It sure feels as if authenticity is of paramount importance lately, for everything from the monumental, such as updates on the war in Ukraine, to the minor, like the integrity of Wordle under the New York Times. Yet so many people seem hesitant to believe anything. This distrust is understandable, to a degree: Fantasy can be engineered with as much fidelity as reality; the dissemination of misinformation is ineradicable. And it is easier and easier to exist inside a bubble that bolsters rather than broadens whatever we already believe.
Such concerns have long been fodder for fiction, but three new literary thrillers explore authenticity through the lens, or rather the canvases, of the art world, looking at what constitutes an artist, what determines the value of art, who controls our access to it and, most importantly, perhaps, who should be making these decisions.
Joe Mungo Reed’s “Hammer” has a lot to say about the role that art plays in the world at large. The auction house where Martin works is at the center of London’s opulent and ruthless high-end scene, a stark contrast to the hippie compound where he grew up. At an event, he bumps into Marina, a wealthy Russian beauty whom he hasn’t seen since their university days nine years earlier. Back then, she was dating Martin’s roommate; now she’s married to Oleg Gorelov, an ostentatious emigre oligarch and art collector. Martin uses his past with Marina to insinuate himself into Oleg’s orbit, gaining his confidence and a trip to the Geneva Freeport, where Oleg keeps his most valuable pieces, including a painting by the real-life Ukrainian avant-garde artist Kazimir Malevich that was thought to be lost.
Appearances are critical in this world, but they are not something that wealth can necessarily change. Oleg worries about how he acquired his fortune and what kind of legacy he will leave in Russia. Marina was disgusted by her parents’ wealth growing up, and her affair represents a way to reclaim some of those earlier feelings about riches. And Martin revels in the finer things his career has brought him but starts to wonder about the cost to the values he grew up believing.
The novel gains lamentable timeliness from a late plot twist involving Ukrainian independence and Vladimir Putin’s 2014 invasion of Crimea, but Reed sensitively handles those issues while steadily raveling his characters’ increasingly disparate lives into an intricate look at politics, morality and coming to terms with one’s past.
Erica Katz’s “Fake” is less concerned with geopolitics, but the stakes are just as dire for 20-something New Yorker Emma Caan, who is trying to jump-start her life, professionally and socially. When she was an art major at Yale, Emma’s paintings were labeled “Technically superior. Emotionally detached.” So instead of becoming a famous artist, she lives paycheck to paycheck copying priceless works of art for a company retained by collectors and museums that need to display fakes for, generally, legitimate reasons.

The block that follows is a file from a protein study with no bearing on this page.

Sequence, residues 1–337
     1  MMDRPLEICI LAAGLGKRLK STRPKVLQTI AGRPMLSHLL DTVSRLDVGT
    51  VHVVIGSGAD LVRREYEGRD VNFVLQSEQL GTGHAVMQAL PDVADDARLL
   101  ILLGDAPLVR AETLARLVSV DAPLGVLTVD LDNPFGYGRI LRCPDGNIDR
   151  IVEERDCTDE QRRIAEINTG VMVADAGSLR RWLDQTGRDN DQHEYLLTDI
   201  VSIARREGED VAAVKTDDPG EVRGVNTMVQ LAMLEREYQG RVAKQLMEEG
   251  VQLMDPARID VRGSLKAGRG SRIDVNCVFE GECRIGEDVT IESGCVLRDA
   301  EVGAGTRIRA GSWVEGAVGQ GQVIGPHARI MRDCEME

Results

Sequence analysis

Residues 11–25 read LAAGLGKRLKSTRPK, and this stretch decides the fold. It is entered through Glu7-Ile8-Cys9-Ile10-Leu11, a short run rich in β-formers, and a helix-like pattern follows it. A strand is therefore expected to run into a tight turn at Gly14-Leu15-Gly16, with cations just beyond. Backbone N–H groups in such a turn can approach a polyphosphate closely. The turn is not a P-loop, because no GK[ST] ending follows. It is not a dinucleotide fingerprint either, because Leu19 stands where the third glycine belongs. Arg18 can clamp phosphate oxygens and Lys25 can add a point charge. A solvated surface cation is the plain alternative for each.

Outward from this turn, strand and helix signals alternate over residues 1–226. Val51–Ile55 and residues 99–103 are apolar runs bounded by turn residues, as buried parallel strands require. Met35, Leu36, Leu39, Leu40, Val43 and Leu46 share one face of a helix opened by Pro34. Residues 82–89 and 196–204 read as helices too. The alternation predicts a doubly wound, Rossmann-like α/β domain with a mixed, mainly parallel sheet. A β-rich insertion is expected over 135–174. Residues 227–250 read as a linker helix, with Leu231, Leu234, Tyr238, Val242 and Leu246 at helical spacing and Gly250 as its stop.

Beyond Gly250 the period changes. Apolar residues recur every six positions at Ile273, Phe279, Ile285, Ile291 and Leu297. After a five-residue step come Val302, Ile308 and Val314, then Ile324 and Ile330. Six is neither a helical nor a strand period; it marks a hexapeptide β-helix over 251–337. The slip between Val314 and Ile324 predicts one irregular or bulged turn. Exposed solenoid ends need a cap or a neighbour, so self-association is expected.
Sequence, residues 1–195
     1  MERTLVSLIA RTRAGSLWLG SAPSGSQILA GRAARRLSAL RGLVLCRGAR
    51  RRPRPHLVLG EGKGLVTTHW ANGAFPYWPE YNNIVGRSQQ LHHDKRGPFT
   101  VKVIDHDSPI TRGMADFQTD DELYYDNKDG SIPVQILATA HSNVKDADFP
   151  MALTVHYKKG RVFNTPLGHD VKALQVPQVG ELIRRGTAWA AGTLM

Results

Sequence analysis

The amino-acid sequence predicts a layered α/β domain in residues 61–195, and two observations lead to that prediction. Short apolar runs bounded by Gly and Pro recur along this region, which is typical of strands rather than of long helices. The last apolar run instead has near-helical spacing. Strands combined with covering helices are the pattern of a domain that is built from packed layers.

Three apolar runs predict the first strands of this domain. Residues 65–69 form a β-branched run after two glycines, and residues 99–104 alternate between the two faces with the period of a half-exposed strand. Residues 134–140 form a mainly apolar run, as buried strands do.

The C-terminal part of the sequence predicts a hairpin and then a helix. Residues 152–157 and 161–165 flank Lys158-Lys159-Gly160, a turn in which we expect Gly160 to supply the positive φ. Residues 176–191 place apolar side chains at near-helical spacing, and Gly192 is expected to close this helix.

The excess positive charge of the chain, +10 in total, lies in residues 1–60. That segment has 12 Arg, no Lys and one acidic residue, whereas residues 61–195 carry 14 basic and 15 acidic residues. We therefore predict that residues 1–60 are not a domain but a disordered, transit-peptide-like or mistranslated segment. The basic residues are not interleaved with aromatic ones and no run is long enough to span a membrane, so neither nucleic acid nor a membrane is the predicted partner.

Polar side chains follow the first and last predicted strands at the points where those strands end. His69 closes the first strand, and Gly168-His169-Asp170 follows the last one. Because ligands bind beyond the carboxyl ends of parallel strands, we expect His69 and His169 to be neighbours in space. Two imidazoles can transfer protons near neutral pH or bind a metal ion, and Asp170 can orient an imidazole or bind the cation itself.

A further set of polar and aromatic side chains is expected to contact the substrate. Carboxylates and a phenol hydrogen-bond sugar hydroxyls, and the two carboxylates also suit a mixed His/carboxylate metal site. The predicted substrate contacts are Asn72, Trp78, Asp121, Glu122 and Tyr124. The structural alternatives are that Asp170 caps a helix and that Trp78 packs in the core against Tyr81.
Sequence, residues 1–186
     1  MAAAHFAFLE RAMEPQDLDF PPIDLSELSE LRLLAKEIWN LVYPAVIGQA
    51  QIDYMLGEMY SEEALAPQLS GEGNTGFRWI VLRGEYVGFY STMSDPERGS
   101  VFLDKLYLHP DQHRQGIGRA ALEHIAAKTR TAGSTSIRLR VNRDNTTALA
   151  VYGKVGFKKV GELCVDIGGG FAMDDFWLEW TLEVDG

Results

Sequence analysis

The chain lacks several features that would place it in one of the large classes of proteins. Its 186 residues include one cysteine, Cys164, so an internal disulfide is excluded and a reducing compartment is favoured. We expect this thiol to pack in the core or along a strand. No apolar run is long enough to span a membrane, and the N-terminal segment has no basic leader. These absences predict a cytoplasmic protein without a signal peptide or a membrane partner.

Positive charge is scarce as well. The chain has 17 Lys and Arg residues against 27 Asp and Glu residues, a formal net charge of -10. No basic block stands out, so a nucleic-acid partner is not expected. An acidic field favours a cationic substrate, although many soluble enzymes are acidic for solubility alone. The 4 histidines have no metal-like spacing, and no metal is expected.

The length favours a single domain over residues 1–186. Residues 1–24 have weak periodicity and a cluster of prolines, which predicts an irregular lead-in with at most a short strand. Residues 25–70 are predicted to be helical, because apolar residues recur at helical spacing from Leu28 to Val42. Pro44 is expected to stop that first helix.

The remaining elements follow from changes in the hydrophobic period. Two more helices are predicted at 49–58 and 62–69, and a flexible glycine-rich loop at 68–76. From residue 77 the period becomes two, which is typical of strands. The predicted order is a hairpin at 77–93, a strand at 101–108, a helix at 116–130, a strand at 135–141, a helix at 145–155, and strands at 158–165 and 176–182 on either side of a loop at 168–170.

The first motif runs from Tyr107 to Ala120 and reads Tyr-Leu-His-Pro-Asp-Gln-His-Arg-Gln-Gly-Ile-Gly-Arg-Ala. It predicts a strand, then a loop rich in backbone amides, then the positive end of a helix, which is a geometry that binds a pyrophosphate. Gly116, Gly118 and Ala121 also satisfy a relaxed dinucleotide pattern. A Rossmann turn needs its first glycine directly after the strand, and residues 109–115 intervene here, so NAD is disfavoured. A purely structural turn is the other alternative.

Longtime client and Russian billionaire Leonard Sobetsky hires Emma to copy paintings for him privately — at $10,000 a pop — and gets her a job at a trendsetting gallery. He even sets her up in a SoHo loft 10 times bigger than her Washington Heights studio. Next thing she knows, Emma’s solo nights of scrolling Instagram while eating instant ramen are a thing of the past, as she is jetting to Hong Kong on Lenny’s private plane and partying with influencer @JustJules.
Readers know things aren’t on the up and up because each chapter opens with FBI agents questioning Emma about Lenny. The signs are there for her as well, but she is too seduced by having it all, plus trying to manage her pyrophobia, which induces panicked blackouts and causes night terrors. The source of the trauma becomes evident early on, but Emma keeps grappling with it as if it were the Enigma code. Despite some melodramatics, “Fake” is great fun, offering a peek into a world of glitz that most of us will never glimpse firsthand.
María Gainza’s “Portrait of an Unknown Lady,” translated from Spanish by Thomas Bunstead, takes a more philosophical look at the art world by questioning what constitutes an artist. The titular portrait is figurative; our narrator, a disillusioned art critic in Buenos Aires using the nom de plume María Lydis, is investigating a mysterious figure. María urges caution with her tale, not because she is dishonest, but because memory and art are subjective and imperfect. “We do not recover the past, we re-create it.”
The past that María is trying to re-create concerns Argentina’s most notorious forger, the “beautiful, enigmatic” Renée. In the 1960s, Renée was part of a boho crime ring based at a hotel in the north of the city who made their living by “cheating the rich.” By the 1990s, she was growing cactuses and producing only original art, but living alone in squalor. Then she simply disappeared. María first learns of Renée’s exploits from her boss, Enriqueta Macedo, a venerated art authenticator who for decades has been validating fakes, including those painted by Renée years ago. Now in her 70s, Enriqueta taps María to be her successor, and the younger woman embraces her life of crime, finding both adventure and security.
Enriqueta’s death makes María reconsider, however, and she launches her career as a critic, only to get pulled back into her disreputable past by the appearance of a collection of works by Mariette Lydis, a painter closely tied to Renée. Bunstead’s colorful translation reads at times as an adventure serial, at times as a hard-boiled noir, and throughout it all, María uses her wit, erudition and sass to suss out the true meaning of art.
Cory Oldweiler’s writing has appeared in the Star Tribune, the Los Angeles Review of Books and the Boston Globe.
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